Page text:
Document Type

Thesis - Open Access

Award Date


Degree Name

Doctor of Philosophy (PhD)

Department / School

Electrical Engineering and Computer Science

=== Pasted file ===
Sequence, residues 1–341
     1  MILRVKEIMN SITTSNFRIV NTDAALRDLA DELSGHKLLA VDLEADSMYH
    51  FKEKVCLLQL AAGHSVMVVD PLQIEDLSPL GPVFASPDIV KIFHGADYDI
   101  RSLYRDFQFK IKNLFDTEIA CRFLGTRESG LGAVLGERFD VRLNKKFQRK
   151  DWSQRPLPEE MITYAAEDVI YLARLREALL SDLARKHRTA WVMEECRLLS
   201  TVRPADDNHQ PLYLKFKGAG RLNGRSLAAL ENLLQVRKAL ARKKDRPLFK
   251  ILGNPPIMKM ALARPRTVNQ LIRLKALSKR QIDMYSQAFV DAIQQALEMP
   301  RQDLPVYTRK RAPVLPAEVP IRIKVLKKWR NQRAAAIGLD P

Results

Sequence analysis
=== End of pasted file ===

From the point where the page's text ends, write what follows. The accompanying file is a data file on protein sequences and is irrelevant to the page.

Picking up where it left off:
First Advisor

Timothy M. Hansen


Aggregated, composite load model, data-driven modeling, DER_A, distribution network, dynamic partitioned model